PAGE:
14 (p38)suppressivetranscriptCATGGGAACTCTCCAAA
antiinflam-variant 2; mRNATATCATTC
matory drug(cDNA clone MGC:
binding34610 IMAGE:
protein 1,5181064);
CSBP1, CSAIDcomplete cds
binding
protein 1,
Stress
activated
protein kinase
2A, SAPK2A,
p38
MAP kinase,
p38
alpha, RK,
MXI2,
Cytokine
suppressive
antiinflam-
matory
drug binding
protein 2,
CSBP2, CSAID
binding
protein 2
7MatrixMMP 19Cfa.4573.1.A1_atHomo sapiens48.93048GTAGTTGATTCCTGGTT
metallo-cDNA FLJ38021CGCCTTTCCTCTTGGGT
proteinasefis; cloneCCCATAGGTTCGAATCC
19 (MMP-19)CTONG2012847CCTTCTACCTCAGTCGG
GAGTACTGTCCTCCATG
GTGCTTCCCTTCCTCTC
CTTAATGTGGGGAAGAC
CATGGGGCAATGCATGG
CGCAGGACCTGCCTCCC
CCAAAAGCAGTCTACTT
GCTCCACGGAGAGAGAA
CTGGGTCCACGTGCCAG
AGTCTTGCCCTTTGGCC
CAGAGTAGCCTGGTCTT
CATGGCTGTATGGGAGA
CAAGTGCCTTCTCTGCT
TCTTGTTGTAGGTGATG
CTAATCTCCTTAACCAA
ACCTTTGTCCCAGCCGC
TAATCTGTTCTAACTCT
CCCTCCTCNTGATTCTC
CTGCTCAAAGTCTGTTC
8TissueTIMP-1Cfa.3680.1.S1_s_atCanis familiaris99.4AGATGTTCAAGGGTTTC
InhibitorTIMP metallo-AGCGCCTTGGGGAATGC
ofpeptidaseCTCGGACATCCGCTTCG
metallo-inhibitor 1TCGACACCCCCGCCCTG
proteinases(TIMP1); mRNAGAGAGCGTCTGCGGATA
(TIMP-1)CTTGCACAGGTCCCAGA
ACCGCAGCGAGGAGTTT
CTGGTCGCCGGAAACCT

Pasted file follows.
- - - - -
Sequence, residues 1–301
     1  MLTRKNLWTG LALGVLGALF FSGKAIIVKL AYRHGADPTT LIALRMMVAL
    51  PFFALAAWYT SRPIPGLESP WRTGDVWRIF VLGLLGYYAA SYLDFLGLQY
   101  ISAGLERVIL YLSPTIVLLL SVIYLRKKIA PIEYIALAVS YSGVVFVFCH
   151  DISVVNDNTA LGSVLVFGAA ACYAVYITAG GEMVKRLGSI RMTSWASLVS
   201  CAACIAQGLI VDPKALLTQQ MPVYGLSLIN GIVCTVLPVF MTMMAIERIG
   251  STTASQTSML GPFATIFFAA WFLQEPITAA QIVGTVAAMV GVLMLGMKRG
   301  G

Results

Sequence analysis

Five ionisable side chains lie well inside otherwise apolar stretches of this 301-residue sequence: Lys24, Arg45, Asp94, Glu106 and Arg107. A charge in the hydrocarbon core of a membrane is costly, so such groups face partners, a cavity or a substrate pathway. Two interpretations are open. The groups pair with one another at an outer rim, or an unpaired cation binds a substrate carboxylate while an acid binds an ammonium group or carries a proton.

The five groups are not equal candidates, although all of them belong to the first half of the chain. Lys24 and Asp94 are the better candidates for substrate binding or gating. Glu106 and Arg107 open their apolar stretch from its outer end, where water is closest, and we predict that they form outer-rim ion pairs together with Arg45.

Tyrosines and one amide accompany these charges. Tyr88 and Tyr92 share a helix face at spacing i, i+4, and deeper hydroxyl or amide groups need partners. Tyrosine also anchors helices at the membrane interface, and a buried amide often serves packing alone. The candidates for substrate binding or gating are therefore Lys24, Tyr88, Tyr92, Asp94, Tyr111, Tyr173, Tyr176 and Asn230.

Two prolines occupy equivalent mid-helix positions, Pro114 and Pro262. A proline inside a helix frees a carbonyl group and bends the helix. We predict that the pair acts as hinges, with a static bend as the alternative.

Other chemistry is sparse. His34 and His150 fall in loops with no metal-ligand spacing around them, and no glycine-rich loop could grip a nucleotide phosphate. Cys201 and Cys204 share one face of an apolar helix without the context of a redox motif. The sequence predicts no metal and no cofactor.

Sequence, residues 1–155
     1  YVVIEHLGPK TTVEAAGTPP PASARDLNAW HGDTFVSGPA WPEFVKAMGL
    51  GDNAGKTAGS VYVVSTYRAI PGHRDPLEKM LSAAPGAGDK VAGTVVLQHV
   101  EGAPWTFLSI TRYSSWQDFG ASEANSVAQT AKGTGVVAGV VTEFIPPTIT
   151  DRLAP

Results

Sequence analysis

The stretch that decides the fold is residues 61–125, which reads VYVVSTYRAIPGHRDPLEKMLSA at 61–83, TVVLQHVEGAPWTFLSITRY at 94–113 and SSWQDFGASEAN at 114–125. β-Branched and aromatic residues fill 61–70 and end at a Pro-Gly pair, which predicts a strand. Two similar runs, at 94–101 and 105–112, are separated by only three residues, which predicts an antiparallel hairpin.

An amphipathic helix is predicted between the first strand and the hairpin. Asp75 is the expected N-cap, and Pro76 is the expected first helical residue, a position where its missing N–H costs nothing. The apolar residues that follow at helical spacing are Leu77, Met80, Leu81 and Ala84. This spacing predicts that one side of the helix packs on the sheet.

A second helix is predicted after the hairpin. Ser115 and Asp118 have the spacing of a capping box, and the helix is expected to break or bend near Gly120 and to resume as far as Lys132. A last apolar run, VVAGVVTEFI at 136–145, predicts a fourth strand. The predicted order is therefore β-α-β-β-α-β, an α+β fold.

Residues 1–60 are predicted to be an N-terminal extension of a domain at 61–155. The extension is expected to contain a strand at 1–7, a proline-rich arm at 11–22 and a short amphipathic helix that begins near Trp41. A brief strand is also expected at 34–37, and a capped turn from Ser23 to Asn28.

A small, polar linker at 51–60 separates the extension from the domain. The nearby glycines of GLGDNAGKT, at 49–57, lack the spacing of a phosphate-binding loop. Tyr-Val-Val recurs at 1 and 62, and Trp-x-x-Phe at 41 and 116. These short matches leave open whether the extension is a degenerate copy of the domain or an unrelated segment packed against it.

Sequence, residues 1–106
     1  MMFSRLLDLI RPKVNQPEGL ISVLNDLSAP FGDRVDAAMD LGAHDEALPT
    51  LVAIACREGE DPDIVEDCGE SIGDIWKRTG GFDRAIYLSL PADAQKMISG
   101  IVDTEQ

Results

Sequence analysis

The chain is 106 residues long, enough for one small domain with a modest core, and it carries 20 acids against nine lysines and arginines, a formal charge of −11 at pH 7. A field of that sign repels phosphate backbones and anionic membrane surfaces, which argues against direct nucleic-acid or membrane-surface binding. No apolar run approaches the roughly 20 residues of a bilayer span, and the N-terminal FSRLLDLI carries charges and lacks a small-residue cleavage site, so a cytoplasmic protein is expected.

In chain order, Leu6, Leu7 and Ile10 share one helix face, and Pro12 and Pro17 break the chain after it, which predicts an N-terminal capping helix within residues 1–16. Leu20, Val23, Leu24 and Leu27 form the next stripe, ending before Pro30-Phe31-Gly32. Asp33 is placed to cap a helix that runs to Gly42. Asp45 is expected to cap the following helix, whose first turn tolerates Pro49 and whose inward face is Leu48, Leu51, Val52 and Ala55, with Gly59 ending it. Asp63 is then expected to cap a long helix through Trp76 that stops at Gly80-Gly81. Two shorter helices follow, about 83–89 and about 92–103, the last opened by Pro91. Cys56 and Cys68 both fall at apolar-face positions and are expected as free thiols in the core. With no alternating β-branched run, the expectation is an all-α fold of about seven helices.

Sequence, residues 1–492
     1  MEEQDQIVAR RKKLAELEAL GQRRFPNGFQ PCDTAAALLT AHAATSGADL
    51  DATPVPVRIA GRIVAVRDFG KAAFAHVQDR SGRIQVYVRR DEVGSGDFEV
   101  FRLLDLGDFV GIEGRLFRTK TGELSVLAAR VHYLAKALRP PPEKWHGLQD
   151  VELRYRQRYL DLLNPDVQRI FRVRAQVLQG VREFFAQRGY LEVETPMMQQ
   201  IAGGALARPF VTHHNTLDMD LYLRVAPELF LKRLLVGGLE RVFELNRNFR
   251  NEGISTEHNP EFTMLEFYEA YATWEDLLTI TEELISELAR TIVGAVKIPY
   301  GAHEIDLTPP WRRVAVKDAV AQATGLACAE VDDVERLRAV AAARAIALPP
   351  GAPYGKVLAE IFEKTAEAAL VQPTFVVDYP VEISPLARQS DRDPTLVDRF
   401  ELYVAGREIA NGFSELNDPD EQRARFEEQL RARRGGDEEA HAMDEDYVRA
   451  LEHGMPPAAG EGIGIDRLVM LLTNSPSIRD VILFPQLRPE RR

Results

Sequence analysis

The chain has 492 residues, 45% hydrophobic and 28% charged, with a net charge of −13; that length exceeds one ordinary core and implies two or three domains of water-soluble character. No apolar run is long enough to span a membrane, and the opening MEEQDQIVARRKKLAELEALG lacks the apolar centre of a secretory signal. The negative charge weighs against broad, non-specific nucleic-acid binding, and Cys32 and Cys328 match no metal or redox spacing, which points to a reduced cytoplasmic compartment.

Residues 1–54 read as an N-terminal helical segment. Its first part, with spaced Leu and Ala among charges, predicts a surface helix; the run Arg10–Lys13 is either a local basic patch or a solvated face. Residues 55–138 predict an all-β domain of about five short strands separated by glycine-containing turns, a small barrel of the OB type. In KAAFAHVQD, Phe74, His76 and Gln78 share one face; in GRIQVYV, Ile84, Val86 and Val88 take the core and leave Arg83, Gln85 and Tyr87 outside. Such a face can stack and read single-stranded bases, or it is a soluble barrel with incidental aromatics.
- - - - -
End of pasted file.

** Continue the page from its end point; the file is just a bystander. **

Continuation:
GCGGGACGGACACTTGC
AGATCAACACCTGCAGT
TTCGTGGCCCCGTGGAG
CAGCCTGAGTACCGCTC
AGCGCCGGGGCTTCACC
AAGACCTATGCTGCTGG
CTGTGAGGGGTGCACAG
TGTTTACCTGTTCATCC
ATCCCCTGCAAACTGCA
GAGTGACACTCACTGCT
TGTGGACGGACCAGTTC
CTCACAGGCTCTGACAA
GGGTTTCCAGAGCCGCC
ACCTGGCCTGCCTGCCA
AGAGAGCCAGGGATATG
CACCTGGCAGTCCCTGC
GGCCCCGGATGGCCTAA
ATCCTACTCCCCGTGGA
AGCCAAAGCCTGCACAG
TGTTCACCCCACTTCCC
ACTCCTGTCTTTCTTTA
TCCAAAA
9FattyOleamideCfaAffx.7308.1.S1_x_atPREDICTED: Canis63.33333GAAGTGGAGTAGGTGCC
acidhydrolasefamiliarisGCTGTTGCTGCTGGTGT
amideAnandamidesimilar toTGAATTCAGAACTGTAG
hydrolaseamido-Ubiquinol-CGGGACATGGGGCTGGA
(FAAH)hydrolasecytochrome cGGACGAGCAAAAGATGC
FAAHreductase com-TGACCGGGTCCGGAGAT
plex 11 kDa pro-CCCAAGGAGGATCCCCT
tein; mitochon-AACAACAGTGAGAGAGC
drial precursorAATGCGAGCAGCTGGAG
(MitochondrialAAATGTGTAAAGGCTCG
hinge protein)GGAGCGGCTAGAGCTCT
(Cytochrome C1;GTGACCAGCGTGTATCC
nonheme 11 kDaTCCAGGTCACAGACAGA
protein) (Com-GGAGGATTGCACAGAGG
plex III subunitAGCTCTTTGACTTCCTG
VIII); tran-CATGCAAGGGACCACTG
script variantTGTGGCCCACAAACTCT
2 (LOC608530);TTAACAGCTTG